There are clues too below the headlines. Let’s look at the Ashcroft poll in the 14 Labour held constituencies which voted yes, in which a swing to the SNP of over 25% was predicted. Taken together, the polling results suggest that 37% of people intend to vote SNP compared to only 27% Labour. There is little difference between men and women, though Ashcroft suggests a much closer split among women with only 33% saying they will vote SNP compared to 29% for Labour. Taking socio-economic data, the SNP appears to enjoy a lead across all groups, including a remarkable 16% gap among AB voters, narrowing to only a 1% lead among DE voters.

But the most interesting breakdown relates to age. There is no doubt that the SNP enjoys astonishing levels of support among younger voters. The gap is around 20% for everyone aged 18 to 44 – that’s a huge chunk of the potential voting population in May. But we all know who actually can be relied upon to turn out and vote, whatever the weather and largely, whatever the election and among older voters, the gap narrows. In Ashcroft’s poll across 14 Labour seats in Yes voting areas, the SNP only leads by 5% among 55 to 64 year old voters. Among the over 65s, Labour still enjoys majority support, with 39% of those voters intending to stick with Labour compared to the 22% preparing to twist with the SNP.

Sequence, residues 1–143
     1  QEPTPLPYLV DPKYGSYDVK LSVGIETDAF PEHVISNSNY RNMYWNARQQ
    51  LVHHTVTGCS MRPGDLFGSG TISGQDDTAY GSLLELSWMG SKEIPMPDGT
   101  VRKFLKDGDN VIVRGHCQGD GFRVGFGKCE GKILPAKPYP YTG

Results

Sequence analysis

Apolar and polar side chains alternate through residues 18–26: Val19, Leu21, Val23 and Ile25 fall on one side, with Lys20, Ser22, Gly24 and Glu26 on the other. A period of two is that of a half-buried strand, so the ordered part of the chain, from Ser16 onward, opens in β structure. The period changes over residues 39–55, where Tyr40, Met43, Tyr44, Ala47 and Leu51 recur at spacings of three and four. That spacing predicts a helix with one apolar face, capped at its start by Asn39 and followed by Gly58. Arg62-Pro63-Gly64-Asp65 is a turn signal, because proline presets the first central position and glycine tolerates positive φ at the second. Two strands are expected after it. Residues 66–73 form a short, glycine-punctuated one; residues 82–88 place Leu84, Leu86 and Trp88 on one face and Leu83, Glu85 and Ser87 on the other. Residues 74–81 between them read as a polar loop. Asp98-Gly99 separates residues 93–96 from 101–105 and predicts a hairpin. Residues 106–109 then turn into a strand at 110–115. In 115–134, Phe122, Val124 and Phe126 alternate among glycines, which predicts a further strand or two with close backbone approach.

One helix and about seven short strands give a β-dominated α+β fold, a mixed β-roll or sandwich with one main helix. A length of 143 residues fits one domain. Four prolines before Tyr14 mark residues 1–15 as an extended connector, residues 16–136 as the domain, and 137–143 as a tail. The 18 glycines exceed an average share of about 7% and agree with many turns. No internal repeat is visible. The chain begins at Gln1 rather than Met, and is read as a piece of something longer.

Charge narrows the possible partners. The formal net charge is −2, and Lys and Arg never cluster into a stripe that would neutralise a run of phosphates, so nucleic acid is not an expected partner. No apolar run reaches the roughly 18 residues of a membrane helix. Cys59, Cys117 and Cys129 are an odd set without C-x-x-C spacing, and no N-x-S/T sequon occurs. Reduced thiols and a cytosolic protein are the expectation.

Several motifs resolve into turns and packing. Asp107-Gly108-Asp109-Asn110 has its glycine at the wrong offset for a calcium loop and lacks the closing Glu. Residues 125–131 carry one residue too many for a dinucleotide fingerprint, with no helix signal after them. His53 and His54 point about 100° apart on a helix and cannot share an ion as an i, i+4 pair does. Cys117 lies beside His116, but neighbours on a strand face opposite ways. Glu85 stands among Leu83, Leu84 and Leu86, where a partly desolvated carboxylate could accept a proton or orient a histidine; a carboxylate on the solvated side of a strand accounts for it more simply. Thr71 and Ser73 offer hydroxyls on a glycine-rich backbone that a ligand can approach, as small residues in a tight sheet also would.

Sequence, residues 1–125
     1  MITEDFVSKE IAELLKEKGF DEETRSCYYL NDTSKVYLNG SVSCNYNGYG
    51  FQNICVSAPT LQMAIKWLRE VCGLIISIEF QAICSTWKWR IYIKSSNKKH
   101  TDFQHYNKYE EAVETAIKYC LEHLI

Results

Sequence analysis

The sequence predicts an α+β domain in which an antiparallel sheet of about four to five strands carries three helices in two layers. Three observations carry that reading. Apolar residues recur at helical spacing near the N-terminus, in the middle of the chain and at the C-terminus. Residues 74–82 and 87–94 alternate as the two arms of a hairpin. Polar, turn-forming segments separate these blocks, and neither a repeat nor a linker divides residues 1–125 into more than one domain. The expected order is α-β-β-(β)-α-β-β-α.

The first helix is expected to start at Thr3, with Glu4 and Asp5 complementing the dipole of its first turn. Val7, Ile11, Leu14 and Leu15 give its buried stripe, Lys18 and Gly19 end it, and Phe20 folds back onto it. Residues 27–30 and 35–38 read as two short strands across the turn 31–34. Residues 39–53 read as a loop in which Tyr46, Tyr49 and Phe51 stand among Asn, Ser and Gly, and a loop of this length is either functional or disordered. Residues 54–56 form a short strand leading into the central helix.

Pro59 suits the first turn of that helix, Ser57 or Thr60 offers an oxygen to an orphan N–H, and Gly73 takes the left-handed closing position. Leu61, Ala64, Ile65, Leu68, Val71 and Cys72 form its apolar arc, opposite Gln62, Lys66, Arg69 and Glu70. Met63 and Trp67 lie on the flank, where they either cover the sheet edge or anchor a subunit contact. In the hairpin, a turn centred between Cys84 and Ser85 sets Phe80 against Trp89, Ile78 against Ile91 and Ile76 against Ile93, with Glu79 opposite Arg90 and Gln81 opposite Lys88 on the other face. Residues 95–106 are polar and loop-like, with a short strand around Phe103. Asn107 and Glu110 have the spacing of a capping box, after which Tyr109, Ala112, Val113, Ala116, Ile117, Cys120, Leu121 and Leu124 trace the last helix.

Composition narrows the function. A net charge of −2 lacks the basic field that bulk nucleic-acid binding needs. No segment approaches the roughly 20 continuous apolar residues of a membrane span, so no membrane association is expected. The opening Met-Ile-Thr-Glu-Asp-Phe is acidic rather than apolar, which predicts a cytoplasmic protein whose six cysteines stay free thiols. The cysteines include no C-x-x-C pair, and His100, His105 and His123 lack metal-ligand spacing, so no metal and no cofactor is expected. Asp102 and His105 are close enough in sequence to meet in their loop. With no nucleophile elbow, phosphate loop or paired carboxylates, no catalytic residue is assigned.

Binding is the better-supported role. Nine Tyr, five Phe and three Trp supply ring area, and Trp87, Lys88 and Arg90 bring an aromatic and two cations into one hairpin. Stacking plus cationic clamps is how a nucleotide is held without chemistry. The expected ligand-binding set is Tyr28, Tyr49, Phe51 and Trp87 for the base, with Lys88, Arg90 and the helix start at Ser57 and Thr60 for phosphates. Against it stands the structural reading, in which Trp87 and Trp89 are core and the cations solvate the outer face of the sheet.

And in that one statistic lies the seed of my disquiet. Everyone enjoying poll leads in the stratosphere would do well to check this one out.  It would seem the pensioners are still not shifting and just as their intransigence was a key factor in the outcome of the referendum, they may well yet decide the outcome of this historic election.

In short, all those pensioners opting to stay with what they know might cause Labour-held constituency dominoes to wobble but not fall down.  Which could well result in a quite different overall result to this Westminster election. And then what happens?

23 thoughts on “Beware the polls of March

  1. Be interesting to see what the Tories do in East Ren and a few other places.
    Do they hold their noses and vote for Murphy?
    That in turn would probably finish off Ruth Davidson if Scotland’s Tories desert to Labour to stop the SNP.

  2. Spot on. I’ve been sceptical of the polling to say the least on my own blog, I think they’re will be a narrowing anyway, but suspect that if there is widescale “anti-SNP tactical voting” then it will be more nip and tuck than most people think.